Why the FTSE 100 reaching record high despite Brexit is not necessarily good news

In dollars, the FTSE 100 was actually down 5 per cent over the year

Zlata Rodionova
Friday 30 December 2016 16:37
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While multinational companies profited, those generate more than 70 per cent of their revenues domestically fell 7 per cent
While multinational companies profited, those generate more than 70 per cent of their revenues domestically fell 7 per cent

Britain’s blue-chip share index has closed at a new all-time high, closing the year up 14.42 per cent and adding about £232bn to the value of Britain’s top companies.

The record close means the FTSE has been Europe’s best performing major stock market this year.

Last night, Conservative MP Michael Gove, who campaigned for Vote Leave, tweeted that the FTSE had hit a record high “despite Brexit”.

Yet economists have cut the UK’s growth forecast for next year on the back of the Brexit vote.

So what is going on in the market, and what does it mean?

Why is the FTSE 100 rallying?

Part of the answer is that the decent growth of the FTSE 100 is itself a simple currency effect.

The pound is currently down about 10 per cent against the euro since the EU referendum in June, and is 17 per cent weaker against the US dollar.

The sharp decline in the value of the pound against the US dollar since the UK voted to leave the EU helped the FTSE gain ground.

Many of the 100 companies in the index are multinational miners, oil producers and global banks that do a large amount of business outside the UK. Often they do relatively little business in Britain.

A large chunk of their revenues and profits thus comes from overseas, 77 per cent of the total according to some estimates, which means they make more money when sterling is weak.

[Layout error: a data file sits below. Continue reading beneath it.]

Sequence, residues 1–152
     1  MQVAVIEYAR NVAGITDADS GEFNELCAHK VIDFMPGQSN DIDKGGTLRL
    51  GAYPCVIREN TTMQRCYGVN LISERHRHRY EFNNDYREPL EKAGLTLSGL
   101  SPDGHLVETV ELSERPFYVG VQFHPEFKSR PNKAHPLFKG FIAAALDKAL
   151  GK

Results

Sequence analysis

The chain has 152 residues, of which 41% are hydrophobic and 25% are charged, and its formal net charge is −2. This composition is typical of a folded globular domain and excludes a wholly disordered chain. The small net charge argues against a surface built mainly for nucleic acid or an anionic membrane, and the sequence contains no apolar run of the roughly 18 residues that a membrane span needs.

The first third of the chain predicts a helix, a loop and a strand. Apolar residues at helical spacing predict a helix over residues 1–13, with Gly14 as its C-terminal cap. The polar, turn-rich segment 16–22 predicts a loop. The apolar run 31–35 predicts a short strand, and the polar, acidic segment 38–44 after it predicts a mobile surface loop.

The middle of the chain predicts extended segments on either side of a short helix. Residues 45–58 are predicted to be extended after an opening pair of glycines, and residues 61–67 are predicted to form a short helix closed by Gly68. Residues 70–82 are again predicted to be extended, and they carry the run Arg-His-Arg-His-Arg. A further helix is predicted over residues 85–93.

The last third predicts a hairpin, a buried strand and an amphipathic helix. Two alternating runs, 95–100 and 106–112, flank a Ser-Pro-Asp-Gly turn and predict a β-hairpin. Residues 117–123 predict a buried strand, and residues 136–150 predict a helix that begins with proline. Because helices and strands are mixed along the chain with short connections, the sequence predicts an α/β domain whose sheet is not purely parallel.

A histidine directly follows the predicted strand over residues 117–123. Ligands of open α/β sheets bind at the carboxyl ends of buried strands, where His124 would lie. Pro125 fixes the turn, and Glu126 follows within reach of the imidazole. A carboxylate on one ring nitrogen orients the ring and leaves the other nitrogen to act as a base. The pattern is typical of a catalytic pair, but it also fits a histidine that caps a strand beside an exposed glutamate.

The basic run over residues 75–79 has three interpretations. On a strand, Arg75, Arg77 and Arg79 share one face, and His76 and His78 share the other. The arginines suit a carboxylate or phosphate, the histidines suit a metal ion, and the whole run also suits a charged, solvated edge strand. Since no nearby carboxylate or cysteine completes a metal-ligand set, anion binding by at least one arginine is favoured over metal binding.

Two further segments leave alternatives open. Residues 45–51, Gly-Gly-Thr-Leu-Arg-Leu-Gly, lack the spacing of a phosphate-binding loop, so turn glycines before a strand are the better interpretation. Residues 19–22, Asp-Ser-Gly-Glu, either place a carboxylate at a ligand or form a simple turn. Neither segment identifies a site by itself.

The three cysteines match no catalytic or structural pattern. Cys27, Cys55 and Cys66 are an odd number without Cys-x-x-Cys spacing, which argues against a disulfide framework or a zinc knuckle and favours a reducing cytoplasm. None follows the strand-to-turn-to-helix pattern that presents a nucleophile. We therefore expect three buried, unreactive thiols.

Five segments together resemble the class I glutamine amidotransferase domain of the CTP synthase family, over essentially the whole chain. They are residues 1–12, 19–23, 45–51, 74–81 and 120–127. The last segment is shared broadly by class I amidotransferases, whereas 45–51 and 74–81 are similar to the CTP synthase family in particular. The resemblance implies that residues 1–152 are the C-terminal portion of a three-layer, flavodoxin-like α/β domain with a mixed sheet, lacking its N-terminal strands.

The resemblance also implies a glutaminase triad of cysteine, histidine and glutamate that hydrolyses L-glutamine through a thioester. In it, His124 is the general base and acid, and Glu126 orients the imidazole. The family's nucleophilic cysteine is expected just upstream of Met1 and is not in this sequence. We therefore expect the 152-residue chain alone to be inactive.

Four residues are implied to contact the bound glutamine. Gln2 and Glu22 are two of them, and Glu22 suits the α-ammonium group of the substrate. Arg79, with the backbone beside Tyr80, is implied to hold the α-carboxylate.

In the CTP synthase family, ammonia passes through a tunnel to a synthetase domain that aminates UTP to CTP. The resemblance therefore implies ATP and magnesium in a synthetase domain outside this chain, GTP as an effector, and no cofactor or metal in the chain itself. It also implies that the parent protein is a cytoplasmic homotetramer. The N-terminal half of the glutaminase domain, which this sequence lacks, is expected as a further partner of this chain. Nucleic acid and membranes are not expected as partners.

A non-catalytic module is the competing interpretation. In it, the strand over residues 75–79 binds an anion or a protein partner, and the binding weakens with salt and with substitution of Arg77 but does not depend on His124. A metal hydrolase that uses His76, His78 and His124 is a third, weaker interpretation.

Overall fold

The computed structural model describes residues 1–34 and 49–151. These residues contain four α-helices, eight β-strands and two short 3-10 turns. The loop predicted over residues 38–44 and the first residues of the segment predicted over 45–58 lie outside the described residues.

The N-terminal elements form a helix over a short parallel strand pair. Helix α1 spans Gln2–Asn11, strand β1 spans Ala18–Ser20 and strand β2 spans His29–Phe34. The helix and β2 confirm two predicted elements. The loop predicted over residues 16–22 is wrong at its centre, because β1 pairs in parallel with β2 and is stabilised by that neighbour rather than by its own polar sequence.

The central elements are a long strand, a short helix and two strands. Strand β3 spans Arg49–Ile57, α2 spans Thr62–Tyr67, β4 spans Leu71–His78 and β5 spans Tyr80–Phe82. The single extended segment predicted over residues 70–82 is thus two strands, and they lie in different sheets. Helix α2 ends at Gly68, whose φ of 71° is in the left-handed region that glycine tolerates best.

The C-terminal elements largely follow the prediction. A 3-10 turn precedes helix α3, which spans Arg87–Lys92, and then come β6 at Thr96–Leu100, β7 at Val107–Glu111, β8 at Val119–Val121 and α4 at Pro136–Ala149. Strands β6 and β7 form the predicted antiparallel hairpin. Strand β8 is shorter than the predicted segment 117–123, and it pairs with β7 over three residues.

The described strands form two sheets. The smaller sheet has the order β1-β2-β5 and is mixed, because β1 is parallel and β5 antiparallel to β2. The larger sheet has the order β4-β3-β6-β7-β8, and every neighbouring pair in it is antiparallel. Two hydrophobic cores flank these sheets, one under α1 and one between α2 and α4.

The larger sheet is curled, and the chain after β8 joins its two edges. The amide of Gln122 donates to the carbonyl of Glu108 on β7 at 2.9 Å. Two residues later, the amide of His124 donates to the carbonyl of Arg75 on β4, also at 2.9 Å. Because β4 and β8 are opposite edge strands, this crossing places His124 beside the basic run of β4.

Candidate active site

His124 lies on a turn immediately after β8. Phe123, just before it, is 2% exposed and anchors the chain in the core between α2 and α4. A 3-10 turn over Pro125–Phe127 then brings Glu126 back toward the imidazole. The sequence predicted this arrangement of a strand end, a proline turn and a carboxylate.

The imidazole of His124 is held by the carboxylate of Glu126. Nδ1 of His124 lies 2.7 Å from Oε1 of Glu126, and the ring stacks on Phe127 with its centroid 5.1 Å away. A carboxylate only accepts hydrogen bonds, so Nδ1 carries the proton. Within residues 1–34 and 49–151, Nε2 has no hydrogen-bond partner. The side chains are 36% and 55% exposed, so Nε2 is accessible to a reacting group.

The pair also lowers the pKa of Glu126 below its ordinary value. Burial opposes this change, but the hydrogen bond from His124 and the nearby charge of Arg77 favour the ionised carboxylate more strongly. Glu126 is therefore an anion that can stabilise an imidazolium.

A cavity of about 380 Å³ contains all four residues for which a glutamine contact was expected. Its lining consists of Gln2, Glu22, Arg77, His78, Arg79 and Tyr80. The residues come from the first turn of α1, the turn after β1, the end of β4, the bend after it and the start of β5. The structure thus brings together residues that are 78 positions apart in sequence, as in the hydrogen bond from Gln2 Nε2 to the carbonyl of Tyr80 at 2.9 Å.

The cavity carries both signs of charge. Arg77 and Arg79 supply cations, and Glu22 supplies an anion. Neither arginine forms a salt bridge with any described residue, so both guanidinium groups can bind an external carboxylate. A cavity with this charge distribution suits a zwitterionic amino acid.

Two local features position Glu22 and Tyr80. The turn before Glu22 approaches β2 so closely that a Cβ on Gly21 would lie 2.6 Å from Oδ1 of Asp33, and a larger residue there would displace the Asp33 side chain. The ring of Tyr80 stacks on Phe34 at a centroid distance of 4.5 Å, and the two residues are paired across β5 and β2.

What about the latest surge?

The index latest surge was driven by mining companies, which leapt over a 100 per cent over the year buoyed by stronger commodities prices.

Mining giants Anglo American and Glencore jumped 287 per cent and 207 per cent, respectively.

The “Trump bump”, a rally prompted by the US President-Elect’s commitment to boosting infrastructure spending when he takes office next month, also propelled the index to new heights.

Why isn’t the rallying FTSE 100 necessarily good news?

The index is priced in sterling, however in dollars the FTSE 100 was actually down 5 per cent over the year, owing to the decline in the pound.

Analysts at KPMG said, when comparing the performance of FTSE 100 companies, those with 70 per cent of their business abroad were up 70 per cent over the year compared to just 6 per cent for those with their businesses in the UK.

KPMG’s Yael Selfin told the Guardian: “Put in pounds and pence, this equates to a £226bn rise in the value of the KPMG Non-UK50 and a £24bn loss for their domestic equivalent.”

Furthermore, to get a better indication of the UK economy, it is helpful to look at the FTSE 250, or the 250 biggest companies in the UK, which is more dependent on the UK economy than the multinational companies represented in the FTSE 100.

The FTSE 250 fell 13 per cent in two days after the vote came in. It has recovered a little since then, but not on the scale of the FTSE 100.

The FTSE 250 ended 2016 up 3.7 per cent for the year, underperforming the FTSE 100, as domestic firms did not get the benefit of a weaker currency. Concerns about higher inflation also hurt sentiment.

Meanwhile, the FTSE Local UK index, which includes companies that generate more than 70 per cent of their revenues domestically, fell 7 per cent.

What happens now?

So far major UK stocks appear to have defied pre-referendum predictions.

Ms Selfin, head of macroeconomics at KPMG UK, said UK shares prices also benefited from the mostly robust economic data since the Brexit vote.

She said: “The latest GDP figures point to a strong UK economy which has probably accounted for some of the pick-up in equity prices overall since the referendum.”

This means stock price gains might run out of steam if global growth disappoint, as predicted by the International Monetary Fund in October.

The values of UK-facing listed companies could also lurch lower if consumer confidence drops.

There has been little sign of that since the Brexit vote – but the sharp decline in the value of the pound since the June referendum will increase inflationary pressure, squeezing real disposable incomes and meaning Britons have less to spend.

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